One of the most disappointing things that I have experienced as a candidate is the recruiter who is (what I like to call) a talk show host. They’re the ones that ask you a bunch of “fluff” questions that are irrelevant to the skills and qualifications necessary for the position. Now I’m not against the “let’s get to know you questions”, but I am when they are the ONLY determinant for the right fit for a position.
I was surprised at recruiters who called me up over the phone or in person who asked many questions that had nothing to do with the requirements for the position.
I once applied and interviewed for a position for a well-known tech company. In several of the interview rounds I was asked about my personal life. Questions were related to my favorite music, what books I liked to read, what I do for fun etc. Although these questions might be fun to ask when going out on a date, they are not the best indicators of a quality candidate.
Another recruiter for a fashion company was also guilty of being a talk show host. In both rounds of interviews I was asked many questions about high school. For the first round nearly all of my questions were surrounding my work experience and extracurricular activities…during high school. They also asked me what city I grew up in!
While this might be good for small talk, my answers did not in any way reflect my current skill sets and organizational involvement that I have accomplished during my years at my University. Although I was able to answer many of the questions, it made me wonder about how uncomfortable this might make a much older candidate feel who has been out of high school for years.
An investigative journalist is interviewing me
Have you ever been in an interview where the recruiter tried to be intimidating and ask questions to try throw you off? You feel like you’re in an interview with Barbara Walters with the spotlight shined bright on you? I have experienced this! There were times where I have sat through interviews and almost shook my head at the questions that were being thrown at me.
In one particular instance, I had a recruiter ask me many odd questions. He went through my resume and did somewhat of a critique of it while I was in the room. My HR memberships and participation in HR conferences were overanalyzed and put to question. He then told me that people in my field don’t participate in these organizations. This didn’t really bother me until the interview progressed.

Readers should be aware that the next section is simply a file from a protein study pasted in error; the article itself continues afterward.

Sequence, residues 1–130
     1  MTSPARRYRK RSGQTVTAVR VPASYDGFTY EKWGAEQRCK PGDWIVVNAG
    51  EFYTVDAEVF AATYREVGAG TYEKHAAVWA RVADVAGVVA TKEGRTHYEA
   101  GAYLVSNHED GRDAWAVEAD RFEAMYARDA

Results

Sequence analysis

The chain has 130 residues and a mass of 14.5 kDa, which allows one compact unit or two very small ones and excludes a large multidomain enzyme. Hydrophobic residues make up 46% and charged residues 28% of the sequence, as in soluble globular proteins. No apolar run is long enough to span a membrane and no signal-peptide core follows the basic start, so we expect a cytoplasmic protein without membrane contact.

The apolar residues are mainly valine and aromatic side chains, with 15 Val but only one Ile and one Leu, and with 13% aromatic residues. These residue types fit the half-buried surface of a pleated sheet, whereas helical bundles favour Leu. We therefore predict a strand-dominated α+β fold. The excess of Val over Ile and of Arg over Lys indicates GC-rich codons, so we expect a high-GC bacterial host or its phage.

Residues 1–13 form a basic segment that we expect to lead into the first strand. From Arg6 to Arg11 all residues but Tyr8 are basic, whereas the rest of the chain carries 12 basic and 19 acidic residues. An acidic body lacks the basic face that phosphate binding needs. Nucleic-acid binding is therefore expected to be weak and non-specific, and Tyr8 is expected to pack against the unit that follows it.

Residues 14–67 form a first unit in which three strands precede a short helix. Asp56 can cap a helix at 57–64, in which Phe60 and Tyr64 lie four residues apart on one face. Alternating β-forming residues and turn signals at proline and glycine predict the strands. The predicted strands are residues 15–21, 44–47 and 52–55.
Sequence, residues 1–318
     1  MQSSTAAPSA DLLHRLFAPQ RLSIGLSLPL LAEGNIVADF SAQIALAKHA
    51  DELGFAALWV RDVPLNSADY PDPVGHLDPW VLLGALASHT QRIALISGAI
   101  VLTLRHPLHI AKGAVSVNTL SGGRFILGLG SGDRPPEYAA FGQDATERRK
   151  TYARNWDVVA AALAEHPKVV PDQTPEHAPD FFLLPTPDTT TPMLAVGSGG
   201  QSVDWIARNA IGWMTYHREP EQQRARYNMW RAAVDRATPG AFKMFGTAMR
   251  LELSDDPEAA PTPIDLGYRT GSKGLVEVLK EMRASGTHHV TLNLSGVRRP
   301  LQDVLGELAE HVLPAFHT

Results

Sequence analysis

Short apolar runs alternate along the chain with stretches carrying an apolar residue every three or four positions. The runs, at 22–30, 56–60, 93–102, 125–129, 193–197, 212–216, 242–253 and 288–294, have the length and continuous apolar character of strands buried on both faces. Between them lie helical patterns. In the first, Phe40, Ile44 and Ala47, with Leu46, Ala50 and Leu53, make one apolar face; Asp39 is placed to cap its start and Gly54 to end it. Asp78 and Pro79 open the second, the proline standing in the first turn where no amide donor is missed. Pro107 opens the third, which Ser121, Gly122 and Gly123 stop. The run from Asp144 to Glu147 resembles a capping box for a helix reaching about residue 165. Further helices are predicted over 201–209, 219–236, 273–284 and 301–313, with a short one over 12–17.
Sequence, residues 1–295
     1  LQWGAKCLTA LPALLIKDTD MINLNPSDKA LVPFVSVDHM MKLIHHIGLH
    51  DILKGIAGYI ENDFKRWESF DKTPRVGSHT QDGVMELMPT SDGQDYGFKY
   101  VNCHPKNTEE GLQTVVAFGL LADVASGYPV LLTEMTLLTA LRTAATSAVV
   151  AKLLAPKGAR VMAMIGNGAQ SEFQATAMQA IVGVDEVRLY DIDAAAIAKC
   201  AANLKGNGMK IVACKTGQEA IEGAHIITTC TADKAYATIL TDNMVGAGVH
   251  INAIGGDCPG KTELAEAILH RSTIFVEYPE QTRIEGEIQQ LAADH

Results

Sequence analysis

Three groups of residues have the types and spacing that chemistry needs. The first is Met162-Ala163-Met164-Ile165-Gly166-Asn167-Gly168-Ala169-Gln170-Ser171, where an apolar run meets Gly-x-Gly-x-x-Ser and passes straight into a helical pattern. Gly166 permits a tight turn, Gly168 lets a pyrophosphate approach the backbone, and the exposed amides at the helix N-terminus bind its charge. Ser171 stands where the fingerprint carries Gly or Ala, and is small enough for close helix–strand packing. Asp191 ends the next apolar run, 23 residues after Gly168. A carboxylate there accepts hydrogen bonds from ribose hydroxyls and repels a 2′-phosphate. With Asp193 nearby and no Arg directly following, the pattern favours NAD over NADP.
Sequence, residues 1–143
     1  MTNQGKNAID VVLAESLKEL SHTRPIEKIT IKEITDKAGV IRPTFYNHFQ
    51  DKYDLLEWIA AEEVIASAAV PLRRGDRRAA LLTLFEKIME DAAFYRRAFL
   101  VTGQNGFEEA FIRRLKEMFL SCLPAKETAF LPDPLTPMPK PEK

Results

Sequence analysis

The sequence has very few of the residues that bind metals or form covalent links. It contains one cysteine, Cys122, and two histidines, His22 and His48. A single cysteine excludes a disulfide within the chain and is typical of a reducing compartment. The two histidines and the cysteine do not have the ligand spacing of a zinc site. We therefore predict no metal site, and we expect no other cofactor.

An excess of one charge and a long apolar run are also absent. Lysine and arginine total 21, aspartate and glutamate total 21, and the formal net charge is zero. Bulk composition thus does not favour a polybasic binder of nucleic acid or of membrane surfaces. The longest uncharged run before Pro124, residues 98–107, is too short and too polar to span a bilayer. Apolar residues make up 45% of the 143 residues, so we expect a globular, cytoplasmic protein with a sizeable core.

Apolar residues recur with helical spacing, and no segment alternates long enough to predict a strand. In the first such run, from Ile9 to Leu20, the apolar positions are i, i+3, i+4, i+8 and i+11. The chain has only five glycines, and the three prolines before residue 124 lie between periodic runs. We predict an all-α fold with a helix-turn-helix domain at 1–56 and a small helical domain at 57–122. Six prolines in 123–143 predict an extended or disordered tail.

As the interview continued, he asked about my five year goals. When I answered his question he seemed clearly unsatisfied and then proceeded to ask me about my 10 year career goals. Throughout the entire process he was very disengaged and seemed disinterested. Eye-contact was poor and he was focusing more on his laptop.
After the persistent prodding of my future career goals, the interviewer then asked me “How do you work with women?” He then made it a constant point to remind me that I am a male in a field that is dominated by women. At this point I was beginning to wonder the purpose of the interview.
The interview was borderline interrogative. None of the questions focused on my skills or ability to do the tasks posted in the job description.
Advice and tips… from a candidate’s standpoint
Many recruiters sometimes are wrapped up and overwhelmed with their work. This is understandable. We do not live in a perfect world, however the candidate does not know this. Never assume that they know what’s going on in the back end. You would be amazed at how well a timely and personalized, email, phone call or even voicemail can make the difference.
Whether you accept or reject your candidates, it is always important to make sure that you treat them as a human being and not as a checklist in your Applicant Tracking System.
If you have developed a professional relationship with your top candidates who did not get the position, always deliver a personalized (non-automated) message. Never cut off the relationship! Remember that recruiting is about managing and maintaining relationships, not pretending that your candidates never existed. You will be much more respected if you’re honest and transparent with your selection process. This can go a long way and can benefit you and your organization in the future.
Also, always remember to ask questions that are relevant to the role. It is always great to have someone fit your culture but it is even better to hire someone who is ALSO a great performer!